Nekore: Webservice for the Japanese fashionista with no time

The Japanese are known to be one of the most fashion-conscious people in the world. And rumor has it they are the busiest. Their purchasing power is very high. Moreover, Japan boasts one of the largest markets for print magazines in the world.
Combine these elements and out comes a web site like nekore.
The service is presumably unique on a global level: Consumers are able to order items they stumble upon in fashion magazines without getting in touch with manufacturers or retailers! All they need to do is to register at, email the page number of a magazine (the list is here) and location of the pants, jacket, pair of shoes etc. on the page and wait. A mobile site is also available.
Picture: nekore home page (main menu points translated in red)
Picture: Selection of magazines
Employees of the service investigate if the item in question is available, (if yes) wait for the payment and then complete the whole transaction by delivering a package to the customer’s door! Customers can choose between credit card payment, COD, bank transfer and payment at convenience stores.
The delivery is done by nekore’s parent company Yamato Holdings. Yamato is a huge Japanese logistics company but primarily known as a parcel delivery giant in this country. It established nekore in November 2004 as the first service of its kind. Similar sites include magaseek and Love Fashion! JO.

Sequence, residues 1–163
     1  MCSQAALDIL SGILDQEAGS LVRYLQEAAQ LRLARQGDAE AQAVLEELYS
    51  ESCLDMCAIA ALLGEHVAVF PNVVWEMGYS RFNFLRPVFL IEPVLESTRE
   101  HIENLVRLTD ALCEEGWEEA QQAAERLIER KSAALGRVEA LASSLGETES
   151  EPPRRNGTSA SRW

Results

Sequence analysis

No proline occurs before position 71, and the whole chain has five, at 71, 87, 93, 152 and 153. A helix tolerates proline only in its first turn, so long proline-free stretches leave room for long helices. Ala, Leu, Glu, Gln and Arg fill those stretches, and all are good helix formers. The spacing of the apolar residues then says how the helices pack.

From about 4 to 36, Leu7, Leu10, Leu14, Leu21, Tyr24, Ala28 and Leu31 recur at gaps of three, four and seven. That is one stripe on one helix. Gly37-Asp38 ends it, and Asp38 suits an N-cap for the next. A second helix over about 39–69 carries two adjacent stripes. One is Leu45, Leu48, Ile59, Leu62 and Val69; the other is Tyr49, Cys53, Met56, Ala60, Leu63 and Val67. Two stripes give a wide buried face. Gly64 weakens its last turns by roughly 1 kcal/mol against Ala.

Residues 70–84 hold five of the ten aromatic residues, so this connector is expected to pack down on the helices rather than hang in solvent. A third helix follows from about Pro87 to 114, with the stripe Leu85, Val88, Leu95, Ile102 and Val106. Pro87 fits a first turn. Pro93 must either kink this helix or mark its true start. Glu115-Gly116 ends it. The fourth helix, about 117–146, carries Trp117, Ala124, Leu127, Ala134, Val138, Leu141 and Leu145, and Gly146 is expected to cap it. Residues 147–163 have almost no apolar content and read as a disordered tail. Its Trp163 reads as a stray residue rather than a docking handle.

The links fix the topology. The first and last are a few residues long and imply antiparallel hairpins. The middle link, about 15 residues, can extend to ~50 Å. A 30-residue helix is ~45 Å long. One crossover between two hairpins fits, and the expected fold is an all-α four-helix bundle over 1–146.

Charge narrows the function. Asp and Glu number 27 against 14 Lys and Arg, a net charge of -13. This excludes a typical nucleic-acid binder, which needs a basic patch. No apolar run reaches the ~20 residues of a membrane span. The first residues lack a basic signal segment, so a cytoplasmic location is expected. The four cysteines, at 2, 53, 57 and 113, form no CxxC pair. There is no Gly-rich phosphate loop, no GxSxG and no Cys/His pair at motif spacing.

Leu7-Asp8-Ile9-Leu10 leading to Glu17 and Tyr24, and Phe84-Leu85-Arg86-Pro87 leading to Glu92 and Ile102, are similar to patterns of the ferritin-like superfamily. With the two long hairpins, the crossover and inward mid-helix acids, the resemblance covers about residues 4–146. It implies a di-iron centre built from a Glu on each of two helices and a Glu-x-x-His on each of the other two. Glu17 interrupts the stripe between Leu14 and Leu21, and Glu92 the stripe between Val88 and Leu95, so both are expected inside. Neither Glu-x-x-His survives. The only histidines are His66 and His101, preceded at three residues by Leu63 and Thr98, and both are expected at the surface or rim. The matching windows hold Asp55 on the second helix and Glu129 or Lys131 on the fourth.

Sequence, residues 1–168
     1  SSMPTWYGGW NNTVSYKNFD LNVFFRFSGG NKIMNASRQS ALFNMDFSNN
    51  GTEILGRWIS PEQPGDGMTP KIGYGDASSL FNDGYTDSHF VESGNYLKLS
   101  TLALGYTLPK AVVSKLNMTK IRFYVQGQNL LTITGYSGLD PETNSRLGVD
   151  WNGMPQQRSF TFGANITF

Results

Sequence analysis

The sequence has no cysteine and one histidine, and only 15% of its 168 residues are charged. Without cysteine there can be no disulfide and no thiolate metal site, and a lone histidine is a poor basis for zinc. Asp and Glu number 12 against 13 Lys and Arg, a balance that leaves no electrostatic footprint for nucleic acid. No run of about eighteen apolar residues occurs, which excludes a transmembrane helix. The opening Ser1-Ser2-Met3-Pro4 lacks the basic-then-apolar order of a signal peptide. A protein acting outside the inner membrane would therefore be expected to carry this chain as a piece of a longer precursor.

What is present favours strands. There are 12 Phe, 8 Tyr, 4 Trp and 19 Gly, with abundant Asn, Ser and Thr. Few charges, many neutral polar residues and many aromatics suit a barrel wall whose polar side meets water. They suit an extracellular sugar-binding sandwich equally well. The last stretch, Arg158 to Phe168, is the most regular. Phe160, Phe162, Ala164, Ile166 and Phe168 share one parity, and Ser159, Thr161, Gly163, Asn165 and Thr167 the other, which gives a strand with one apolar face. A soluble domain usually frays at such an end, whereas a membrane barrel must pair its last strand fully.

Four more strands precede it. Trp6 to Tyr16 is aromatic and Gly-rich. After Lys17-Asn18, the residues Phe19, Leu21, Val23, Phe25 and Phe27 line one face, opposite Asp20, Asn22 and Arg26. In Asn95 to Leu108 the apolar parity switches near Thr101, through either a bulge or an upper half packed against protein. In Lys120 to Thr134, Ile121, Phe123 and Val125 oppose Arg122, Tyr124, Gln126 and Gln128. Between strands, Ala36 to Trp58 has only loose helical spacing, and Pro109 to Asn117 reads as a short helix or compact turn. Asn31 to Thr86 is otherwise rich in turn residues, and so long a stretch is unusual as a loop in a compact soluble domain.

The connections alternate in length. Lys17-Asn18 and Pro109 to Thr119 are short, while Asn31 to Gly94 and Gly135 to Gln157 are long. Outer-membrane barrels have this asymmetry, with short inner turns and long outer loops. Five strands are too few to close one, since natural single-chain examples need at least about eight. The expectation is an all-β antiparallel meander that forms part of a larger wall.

Although Yamato can use its own transportation infrastructure, pricing is rather steep. Depending on the value of the order, nekore charges at least 3,800 Yen (36 USD/23 Euros) for the transaction. For some strange reason, the minimum price for orders based on finds in magazines for men is 1,000 Yen higher. The site seems to be doing OK though. It became profitable in March last year.
nekore’s offering is ideal for people who don’t have the time or nerves to search for specific items on their own. Moreover, customers in rural or remote areas might be in the target group as well.
While the business model makes sense in a way, I am sure a web service like nekore would fail in Germany, for example (where I hail from). This is simply because most customers there would feel the prices are too high.
How about North American and European (Non-German) customers?

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